- the restraint is ancillary to, or flows from, a broader or separate agreement that includes the same parties;
- the restraint is directly related to and reasonably necessary for achieving the objective of the broader or separate agreement referred to in (a) above; and
- the broader or separate agreement referred to in (a) above, when considered without the restraint, does not violate subsection 45(1.1).
To be eligible for the defence in subsection 45(4), the restraint in question must be ancillary to a broader or separate agreement that includes the same parties. As further described in the CCGs, the Bureau may examine the terms of the agreement, the form of the agreement, the functional relationship or lack thereof between the restraint and the principal agreement, and how the restraint makes the principal agreement more effective in accomplishing its purpose. In addition to the other considerations discussed in the CCGs, the Bureau will take the following into account:
- whether the ancillary restraints provision is "directly related and reasonably necessary" to give effect to the objective of the broader agreement. The Bureau will not "second guess" the parties with reference to some other restraint that may have been less restrictive in some insignificant way. However, if the parties could have achieved an equivalent or comparable arrangement through practical, significantly less restrictive means that were reasonably available to the parties at the time when the agreement was entered into, then the Bureau will conclude that the restraint was not reasonably necessary;
- the duration of the ancillary restraint, the subject matter of the restraint and its geographic scope (e.g., whether it applies to employees unrelated to the collaboration) to determine whether it is reasonably necessary to give effect to the objective of the broader agreement; and
- whether, in the absence of the restraint, the agreement could only be implemented under considerably more uncertain conditions, at substantially higher cost or over a significantly longer period.
The Bureau will examine the circumstances leading to the adoption of the restraint, including the submissions of the parties to the Bureau, evidence created during the evaluation and negotiation of the agreement that demonstrates the objectives of the agreement, and any evidence of alternative options considered by the parties at the time the agreement was negotiated.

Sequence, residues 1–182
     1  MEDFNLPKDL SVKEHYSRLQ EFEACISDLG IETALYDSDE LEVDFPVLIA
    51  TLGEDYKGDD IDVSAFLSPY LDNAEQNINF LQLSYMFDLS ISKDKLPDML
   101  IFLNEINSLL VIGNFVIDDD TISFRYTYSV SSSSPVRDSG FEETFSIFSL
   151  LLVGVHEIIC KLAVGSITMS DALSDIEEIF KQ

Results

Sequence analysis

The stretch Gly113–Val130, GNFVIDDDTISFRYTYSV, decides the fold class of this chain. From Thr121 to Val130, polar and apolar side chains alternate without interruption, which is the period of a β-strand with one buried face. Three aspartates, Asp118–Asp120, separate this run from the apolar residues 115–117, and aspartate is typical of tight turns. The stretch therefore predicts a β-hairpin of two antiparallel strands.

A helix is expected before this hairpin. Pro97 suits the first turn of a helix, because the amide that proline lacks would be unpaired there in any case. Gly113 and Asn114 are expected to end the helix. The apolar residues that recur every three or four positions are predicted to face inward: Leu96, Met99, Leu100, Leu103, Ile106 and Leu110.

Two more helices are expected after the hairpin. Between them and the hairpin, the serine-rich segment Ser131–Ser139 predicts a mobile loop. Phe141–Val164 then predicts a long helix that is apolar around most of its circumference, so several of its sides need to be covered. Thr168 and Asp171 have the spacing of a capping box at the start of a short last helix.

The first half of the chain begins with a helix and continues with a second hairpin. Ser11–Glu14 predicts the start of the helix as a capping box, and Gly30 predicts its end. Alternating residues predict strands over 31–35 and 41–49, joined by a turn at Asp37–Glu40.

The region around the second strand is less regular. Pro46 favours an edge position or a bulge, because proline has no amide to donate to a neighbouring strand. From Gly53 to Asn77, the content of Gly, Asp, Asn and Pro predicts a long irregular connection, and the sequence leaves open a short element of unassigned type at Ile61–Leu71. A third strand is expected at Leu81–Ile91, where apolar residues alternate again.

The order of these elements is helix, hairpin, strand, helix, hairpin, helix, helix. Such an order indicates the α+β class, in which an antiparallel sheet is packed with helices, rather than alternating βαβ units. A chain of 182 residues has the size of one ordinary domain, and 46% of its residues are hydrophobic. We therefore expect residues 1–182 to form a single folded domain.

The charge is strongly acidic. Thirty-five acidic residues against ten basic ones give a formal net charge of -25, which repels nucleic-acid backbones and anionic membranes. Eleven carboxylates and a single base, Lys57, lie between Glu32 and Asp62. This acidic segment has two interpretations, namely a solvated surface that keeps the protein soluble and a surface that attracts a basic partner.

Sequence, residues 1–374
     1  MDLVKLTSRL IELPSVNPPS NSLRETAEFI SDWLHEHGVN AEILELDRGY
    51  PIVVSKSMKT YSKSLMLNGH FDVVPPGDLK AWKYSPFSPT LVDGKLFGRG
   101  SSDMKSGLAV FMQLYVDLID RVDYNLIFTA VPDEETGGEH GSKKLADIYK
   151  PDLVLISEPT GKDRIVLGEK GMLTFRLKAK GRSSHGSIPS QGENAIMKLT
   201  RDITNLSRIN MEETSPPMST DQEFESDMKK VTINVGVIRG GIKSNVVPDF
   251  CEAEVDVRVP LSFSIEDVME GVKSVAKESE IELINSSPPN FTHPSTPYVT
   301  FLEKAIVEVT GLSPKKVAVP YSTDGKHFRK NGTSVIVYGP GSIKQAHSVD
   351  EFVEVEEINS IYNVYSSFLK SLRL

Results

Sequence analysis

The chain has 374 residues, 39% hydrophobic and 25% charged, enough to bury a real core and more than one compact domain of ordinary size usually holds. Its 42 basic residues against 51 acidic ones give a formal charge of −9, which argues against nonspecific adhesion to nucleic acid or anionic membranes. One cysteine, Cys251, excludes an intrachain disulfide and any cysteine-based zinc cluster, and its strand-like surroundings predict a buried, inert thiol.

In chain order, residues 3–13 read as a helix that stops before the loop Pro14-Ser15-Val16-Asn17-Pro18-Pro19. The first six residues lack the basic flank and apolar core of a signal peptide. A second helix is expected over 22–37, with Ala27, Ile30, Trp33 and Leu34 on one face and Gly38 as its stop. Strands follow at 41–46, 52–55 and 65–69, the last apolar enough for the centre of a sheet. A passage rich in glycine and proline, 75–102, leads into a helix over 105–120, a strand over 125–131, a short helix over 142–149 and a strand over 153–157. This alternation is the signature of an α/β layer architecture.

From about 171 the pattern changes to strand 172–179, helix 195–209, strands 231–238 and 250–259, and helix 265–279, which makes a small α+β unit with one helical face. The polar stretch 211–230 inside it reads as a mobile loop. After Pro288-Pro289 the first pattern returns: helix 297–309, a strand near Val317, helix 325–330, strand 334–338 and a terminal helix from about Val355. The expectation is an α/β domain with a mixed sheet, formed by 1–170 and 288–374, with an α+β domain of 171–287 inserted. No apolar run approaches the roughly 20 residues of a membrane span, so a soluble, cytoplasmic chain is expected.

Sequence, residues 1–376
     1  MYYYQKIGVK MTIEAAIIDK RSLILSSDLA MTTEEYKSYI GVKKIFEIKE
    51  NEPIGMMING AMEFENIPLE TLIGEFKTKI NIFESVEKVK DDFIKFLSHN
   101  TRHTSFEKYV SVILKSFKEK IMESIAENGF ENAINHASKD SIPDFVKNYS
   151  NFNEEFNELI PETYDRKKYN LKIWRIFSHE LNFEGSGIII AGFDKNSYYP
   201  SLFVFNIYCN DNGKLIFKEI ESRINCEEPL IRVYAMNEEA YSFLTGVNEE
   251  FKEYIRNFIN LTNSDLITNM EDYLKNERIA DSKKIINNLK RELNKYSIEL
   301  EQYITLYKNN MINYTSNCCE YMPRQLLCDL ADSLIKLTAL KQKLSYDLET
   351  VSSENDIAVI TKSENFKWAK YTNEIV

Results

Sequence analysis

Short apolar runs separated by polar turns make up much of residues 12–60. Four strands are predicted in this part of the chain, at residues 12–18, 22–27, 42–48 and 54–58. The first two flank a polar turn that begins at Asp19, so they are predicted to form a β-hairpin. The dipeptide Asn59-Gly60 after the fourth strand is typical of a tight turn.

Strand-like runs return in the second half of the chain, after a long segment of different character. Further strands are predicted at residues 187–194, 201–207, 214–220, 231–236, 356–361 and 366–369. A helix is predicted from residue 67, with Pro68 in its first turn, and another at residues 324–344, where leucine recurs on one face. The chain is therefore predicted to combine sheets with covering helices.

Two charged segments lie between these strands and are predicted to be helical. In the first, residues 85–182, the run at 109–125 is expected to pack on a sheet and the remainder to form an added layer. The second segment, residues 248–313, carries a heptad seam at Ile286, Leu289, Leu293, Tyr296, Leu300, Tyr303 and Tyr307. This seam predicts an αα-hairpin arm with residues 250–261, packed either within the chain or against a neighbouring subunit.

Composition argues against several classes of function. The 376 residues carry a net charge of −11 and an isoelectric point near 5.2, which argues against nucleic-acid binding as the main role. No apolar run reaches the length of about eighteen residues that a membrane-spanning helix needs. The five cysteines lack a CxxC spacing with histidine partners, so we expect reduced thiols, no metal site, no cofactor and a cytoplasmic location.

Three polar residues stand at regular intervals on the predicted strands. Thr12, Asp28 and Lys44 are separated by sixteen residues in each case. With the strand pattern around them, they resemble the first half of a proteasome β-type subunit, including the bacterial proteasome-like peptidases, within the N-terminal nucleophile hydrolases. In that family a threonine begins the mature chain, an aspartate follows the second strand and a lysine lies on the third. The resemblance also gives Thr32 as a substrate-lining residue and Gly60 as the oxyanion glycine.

The Bureau recognizes the significance that non-solicitation clauses can play in many agreements to purchase a business. Consistent with the approach outlined in the CCGs, it will generally not assess wage-fixing or no-poaching clauses that are ancillary to merger transactions, joint ventures or strategic alliances under the criminal track. An exception would be where those clauses are clearly broader than necessary in terms of covered employees, territories or duration, or where the merger, joint venture or strategic alliance is a sham.
When the ARD applies, the Bureau may still examine the agreement under the reviewable matters provisions in Part VIII of the Act, including the civil agreements provision in section 90.1.
3.2 Other defences and exceptions
Employers should be aware that other legal defences or exceptions may apply, such as the regulated conduct defence or agreements reached between employers in the course of collective bargaining. Employers are encouraged to consult the CCGs as well as other applicable legislation and case law. Where the parties raise a defence, the Bureau will examine the validity of the defence before deciding whether to refer the matter to the DPP.
If the Commissioner concludes that an offence under section 45 has been committed, the Bureau may refer the case to the DPP and recommend criminal charges. The DPP will then decide whether to prosecute based on the criteria in the Public Prosecution Service of Canada Deskbook.
The 2022 amendments to the Act updated the penalties for violating the conspiracy provisions. As of June 23, 2023, a person found guilty of an offence under subsections 45(1) or (1.1) may be imprisoned for up to 14 years or subjected to a fine at the discretion of the court, or both.
Further information respecting other penalties and remedies available to the Bureau and persons who have suffered loss or damage as a result of a violation is described in the CCGs.
5. Immunity and leniency
The Bureau’s Immunity and Leniency Programs are available for the offences described in subsection 45(1.1). To be eligible for these programs, applicants must provide sufficient information as it pertains to the applicable offence(s), including information relating to hiring practices and employee compensation.